Many scientists in Ancient Greece believed the world was round. But none of them knew how big it was until the third century BC when Eratosthenes (c.276-194 BC), chief librarian of Alexandria, devised an ingenious way to measure the earth’s size.
Eratosthenes knew of a special well near Syene, Egypt. At noon on June 21, the longest day of the year, the sun’s rays penetrated all the way to the bottom of the well. This meant that the sun was directly overhead. Eratosthenes realized that if the sun was directly overhead in Syene, then its rays must be hitting at an angle in Alexandria, which was due north. If he could measure the angle by which the sun was off center, then he would have the clue he needed to extrapolate the size of the earth. So, at noon on June 21 in Alexandria, he took a measuring stick and captured the angle cast by its shadow.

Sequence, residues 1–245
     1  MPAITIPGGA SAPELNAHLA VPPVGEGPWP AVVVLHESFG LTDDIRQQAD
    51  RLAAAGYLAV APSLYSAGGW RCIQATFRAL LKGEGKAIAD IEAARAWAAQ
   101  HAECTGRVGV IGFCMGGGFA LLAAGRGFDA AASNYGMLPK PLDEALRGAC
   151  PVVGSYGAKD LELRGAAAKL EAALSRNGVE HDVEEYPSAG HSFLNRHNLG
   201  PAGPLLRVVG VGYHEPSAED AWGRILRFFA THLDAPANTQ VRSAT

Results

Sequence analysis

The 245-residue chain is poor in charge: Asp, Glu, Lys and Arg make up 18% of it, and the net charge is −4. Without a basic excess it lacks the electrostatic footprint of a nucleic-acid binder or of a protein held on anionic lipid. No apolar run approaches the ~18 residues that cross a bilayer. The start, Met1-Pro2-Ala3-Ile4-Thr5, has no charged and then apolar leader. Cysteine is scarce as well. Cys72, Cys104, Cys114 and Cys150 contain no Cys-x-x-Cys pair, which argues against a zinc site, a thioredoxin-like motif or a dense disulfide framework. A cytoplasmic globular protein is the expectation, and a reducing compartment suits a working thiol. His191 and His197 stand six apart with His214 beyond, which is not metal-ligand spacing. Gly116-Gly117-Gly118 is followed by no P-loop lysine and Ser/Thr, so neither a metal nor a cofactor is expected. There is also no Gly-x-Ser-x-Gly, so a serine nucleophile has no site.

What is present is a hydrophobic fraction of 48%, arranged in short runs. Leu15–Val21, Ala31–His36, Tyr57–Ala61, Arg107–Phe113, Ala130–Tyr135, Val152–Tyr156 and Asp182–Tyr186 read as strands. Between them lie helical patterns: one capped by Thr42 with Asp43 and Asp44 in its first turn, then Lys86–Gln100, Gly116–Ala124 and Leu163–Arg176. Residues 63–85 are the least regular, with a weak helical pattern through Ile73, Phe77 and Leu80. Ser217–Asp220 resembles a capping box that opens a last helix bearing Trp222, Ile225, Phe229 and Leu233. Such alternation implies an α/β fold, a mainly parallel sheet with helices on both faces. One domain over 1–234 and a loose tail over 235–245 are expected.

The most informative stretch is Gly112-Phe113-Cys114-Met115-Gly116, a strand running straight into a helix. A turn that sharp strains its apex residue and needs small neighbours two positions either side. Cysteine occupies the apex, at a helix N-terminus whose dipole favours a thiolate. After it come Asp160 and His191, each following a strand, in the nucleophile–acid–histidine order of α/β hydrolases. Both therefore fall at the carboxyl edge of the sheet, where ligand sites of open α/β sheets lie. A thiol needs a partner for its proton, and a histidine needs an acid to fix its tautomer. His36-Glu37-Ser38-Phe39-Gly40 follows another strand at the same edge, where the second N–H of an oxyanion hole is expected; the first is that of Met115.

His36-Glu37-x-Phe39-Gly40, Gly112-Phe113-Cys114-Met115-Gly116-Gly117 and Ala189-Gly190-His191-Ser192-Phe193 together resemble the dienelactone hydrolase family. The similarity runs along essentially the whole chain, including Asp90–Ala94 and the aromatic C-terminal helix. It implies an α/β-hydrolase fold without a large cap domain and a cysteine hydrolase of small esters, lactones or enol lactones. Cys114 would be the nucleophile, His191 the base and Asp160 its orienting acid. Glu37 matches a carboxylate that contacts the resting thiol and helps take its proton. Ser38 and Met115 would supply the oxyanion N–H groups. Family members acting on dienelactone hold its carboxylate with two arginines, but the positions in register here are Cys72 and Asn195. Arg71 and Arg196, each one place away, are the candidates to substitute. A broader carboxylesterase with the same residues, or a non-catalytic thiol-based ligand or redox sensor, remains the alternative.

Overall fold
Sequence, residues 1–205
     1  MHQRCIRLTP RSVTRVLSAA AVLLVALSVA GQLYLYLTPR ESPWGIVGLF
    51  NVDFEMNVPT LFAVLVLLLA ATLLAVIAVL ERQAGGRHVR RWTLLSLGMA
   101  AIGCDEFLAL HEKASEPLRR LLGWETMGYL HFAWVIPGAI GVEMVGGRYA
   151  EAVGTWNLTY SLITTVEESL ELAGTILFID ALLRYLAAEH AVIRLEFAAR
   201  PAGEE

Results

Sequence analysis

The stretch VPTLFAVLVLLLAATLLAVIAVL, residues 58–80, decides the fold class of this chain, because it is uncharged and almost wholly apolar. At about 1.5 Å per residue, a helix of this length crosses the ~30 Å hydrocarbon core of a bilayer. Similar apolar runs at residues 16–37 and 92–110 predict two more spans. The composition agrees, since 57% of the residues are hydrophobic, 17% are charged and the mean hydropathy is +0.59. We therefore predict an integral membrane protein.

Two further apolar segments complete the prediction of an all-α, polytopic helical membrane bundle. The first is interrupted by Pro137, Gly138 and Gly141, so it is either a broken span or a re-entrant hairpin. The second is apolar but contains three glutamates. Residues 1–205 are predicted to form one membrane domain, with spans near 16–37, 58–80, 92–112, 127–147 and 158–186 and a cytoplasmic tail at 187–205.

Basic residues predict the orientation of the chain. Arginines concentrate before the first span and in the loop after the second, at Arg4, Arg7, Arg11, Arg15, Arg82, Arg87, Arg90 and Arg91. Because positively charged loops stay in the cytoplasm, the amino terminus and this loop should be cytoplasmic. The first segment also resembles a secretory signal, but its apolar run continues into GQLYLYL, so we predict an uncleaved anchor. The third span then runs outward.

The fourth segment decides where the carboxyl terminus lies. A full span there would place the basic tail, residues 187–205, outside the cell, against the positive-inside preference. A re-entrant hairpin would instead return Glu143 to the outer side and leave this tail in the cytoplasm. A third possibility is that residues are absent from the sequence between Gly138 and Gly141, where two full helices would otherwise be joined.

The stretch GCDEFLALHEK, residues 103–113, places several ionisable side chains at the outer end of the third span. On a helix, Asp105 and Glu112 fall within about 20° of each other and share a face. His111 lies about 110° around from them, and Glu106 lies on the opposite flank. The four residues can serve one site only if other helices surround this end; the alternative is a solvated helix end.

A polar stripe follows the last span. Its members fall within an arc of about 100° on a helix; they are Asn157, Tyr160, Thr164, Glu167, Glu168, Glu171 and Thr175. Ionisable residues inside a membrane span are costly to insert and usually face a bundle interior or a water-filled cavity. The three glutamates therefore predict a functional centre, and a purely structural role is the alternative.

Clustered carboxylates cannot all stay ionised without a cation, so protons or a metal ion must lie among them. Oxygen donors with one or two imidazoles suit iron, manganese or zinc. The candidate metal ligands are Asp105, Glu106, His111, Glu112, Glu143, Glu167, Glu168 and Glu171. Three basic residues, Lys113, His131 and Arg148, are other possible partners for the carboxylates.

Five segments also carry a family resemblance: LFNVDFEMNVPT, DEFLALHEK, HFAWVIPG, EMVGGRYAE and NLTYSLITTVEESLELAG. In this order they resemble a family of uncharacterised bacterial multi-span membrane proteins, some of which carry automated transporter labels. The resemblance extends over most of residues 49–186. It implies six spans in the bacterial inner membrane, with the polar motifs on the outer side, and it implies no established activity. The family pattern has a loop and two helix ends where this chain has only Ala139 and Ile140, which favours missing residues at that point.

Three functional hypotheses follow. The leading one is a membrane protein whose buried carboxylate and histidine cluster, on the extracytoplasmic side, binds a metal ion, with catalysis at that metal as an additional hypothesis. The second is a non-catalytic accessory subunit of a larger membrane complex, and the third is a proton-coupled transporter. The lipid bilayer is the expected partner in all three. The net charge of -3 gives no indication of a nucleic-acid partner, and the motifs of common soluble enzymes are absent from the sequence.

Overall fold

Eratosthenes knew that the angle of the shadow was equivalent to the angle formed by the two cities and the center of the earth. So, he divided the size of that angle by 360, the number of degrees in a circle, to determine the fraction of the earth that separated the two cities. The answer was one-fiftieth. In other words, if you walked back and forth between Syene and Alexandria fifty times, then you would have walked the equivalent of the earth’s circumference.
All that remained was to measure the precise distance between the two cities. Eratosthenes hired a pacer, a professional walker trained in taking perfectly equal steps. From measurements of the pacer, Eratosthenes estimated the circumference of earth to be 24,700 miles. Today, using the same principle developed by Eratosthenes 2,000 years ago, modern instruments estimate the distance around the equator to be 24,902 miles.
— The Intellectual Devotional by David S. Kidder and Noah D. Oppenheim